Seattle, Washington (Home)
North Carolina Take Back Our Republic Coordinator
After graduating high school in the Seattle, Washington area and being given an academic scholarship to attend the University of Utah in Salt Lake City, Jacob Argue, being a young man who loved the outdoors, accepted the opportunity and in 2019 graduated from the U of U with degrees in Economics and Mathematics.
Upon graduation from university, Argue joined the Peace Corps and made his way in July 2019 to a remote village, Kilosa, Morogoro in central Tanzania where he taught secondary school physics to about 450 students using a combination of English and Swahili.
“The writing on the blackboard is in English,” said Argue, the North Carolina Take Back Our Republic Coordinator. “And then the explanation is in Swahili.
He said the students and schools were still established and set up on the old colonial British system where he explained there is Form 1-A, or Top students, all the way down to Form 1-D. Each of these were set up so he would teach 90 students at a time.
Argue had spent three months with 50 other Peace Corps volunteers in Pre-Service Training, “learning Swahili, how to teach effectively, how to stay safe and healthy, and how to respect local customs.” After a celebratory swearing-in ceremony with his cohort and all their host families, he boarded a bus and traveled seven hours to the village of Kilosa, where he was set to begin his Peace Corp service.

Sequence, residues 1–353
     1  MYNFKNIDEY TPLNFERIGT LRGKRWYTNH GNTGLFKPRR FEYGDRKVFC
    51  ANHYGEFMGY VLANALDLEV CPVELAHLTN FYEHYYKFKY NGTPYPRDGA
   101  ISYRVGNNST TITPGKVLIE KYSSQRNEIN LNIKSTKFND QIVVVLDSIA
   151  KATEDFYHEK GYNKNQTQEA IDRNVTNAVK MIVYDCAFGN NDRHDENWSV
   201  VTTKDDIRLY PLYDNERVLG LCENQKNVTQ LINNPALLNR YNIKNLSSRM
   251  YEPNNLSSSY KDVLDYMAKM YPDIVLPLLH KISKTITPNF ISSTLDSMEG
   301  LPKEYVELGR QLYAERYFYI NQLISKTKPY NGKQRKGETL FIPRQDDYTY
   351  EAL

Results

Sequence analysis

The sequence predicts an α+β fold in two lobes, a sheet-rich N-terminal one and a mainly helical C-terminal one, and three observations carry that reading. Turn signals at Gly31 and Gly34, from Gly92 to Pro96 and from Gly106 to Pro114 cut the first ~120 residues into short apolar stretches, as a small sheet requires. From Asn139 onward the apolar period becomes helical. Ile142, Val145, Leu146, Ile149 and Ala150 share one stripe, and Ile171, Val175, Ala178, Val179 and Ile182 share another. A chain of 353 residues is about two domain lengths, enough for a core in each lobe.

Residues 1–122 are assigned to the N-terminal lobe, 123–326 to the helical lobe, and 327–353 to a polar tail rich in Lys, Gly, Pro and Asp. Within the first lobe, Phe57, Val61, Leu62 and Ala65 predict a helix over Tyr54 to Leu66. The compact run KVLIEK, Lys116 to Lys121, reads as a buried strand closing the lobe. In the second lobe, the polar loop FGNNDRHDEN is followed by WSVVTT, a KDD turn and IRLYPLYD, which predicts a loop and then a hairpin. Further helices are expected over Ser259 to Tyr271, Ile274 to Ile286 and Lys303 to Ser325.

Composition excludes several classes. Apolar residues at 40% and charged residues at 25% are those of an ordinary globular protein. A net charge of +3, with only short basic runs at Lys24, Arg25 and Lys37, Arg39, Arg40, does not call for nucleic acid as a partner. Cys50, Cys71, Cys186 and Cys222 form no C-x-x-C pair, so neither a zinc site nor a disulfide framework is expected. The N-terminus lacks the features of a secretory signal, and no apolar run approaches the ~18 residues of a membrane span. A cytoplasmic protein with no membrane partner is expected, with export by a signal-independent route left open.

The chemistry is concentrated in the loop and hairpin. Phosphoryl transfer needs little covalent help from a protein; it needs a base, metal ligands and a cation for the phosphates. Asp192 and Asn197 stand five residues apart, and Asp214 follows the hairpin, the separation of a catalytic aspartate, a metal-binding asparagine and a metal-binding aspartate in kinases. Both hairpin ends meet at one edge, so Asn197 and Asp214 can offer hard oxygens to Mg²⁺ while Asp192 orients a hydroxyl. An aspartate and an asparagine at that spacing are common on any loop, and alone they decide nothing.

“You begin to think of distance as in the time of bus rides,” he said. “In how long it takes to get from place to place.”
Argue would be the first Peace Corps Volunteer to serve in Kilosa, and that came with some challenges. For example, the house he was set to move into was not ready when he arrived. He spent the first couple weeks with the school’s headmaster, known in Swahili as the “Mkuu.”
“It was a constant battle to get little things done on the house. It was exciting though because it kept me on my toes.” said Argue
Argue said he was pleased with the choice he’d made in joining the Peace Corps and in being in Tanzania and working with the students and people of that nation. “Honestly I can’t remember when we first started hearing about Covid,” he said. “It had shown up in a couple of the country’s tourist spots, but it wasn’t that common. And really, you see a lot worse things there every day than Covid health-wise.”
It was March 2020 when, as Argue puts it, “We got an email from the Peace Corps director in DC saying all volunteers worldwide would be evacuated to the US because of the pandemic. Monday morning we got the order, and Friday morning I was on a plane. It was very sudden. At first, I thought it would be something where I might be home for a month and then able to go back, but we’ve all seen that’s not been the case.”
Upon returning home, Argue decided to apply to graduate school, ultimately settling on a Master of Public Policy at Duke University’s Sanford School of Public Policy in Durham, North Carolina.
“That’s how I got involved with Take Back Our Republic,” he said. “Democracy needs to be fixed first. Our problems all stem from a system which is unresponsive to the people. Real change is only possible when politicians are responsive to the people.”
And yes, Argue does plan on going back to Tanzania. He has applied for an internship at the American embassy in Dar Es Salaam for the summer. “I have so much more I wanted to do. I’d love to see my students and my colleagues again. And of course, the Serengeti and Mount Kilimanjaro are in Tanzania, so if nothing else I’ll go as a tourist when I get the chance.” He keeps up on Swahili with near daily WhatsApp communication with his friends in Tanzania.
You can reach Argue and Take Back Our Republic by going to TakeBack.org or call 334-329-7258.